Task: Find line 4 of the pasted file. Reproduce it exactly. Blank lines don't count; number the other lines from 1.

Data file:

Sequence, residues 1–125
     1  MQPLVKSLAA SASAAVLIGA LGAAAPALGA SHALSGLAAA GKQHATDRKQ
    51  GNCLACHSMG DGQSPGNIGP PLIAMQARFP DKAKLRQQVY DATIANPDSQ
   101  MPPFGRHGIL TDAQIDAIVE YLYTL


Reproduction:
   101  MPPFGRHGIL TDAQIDAIVE YLYTL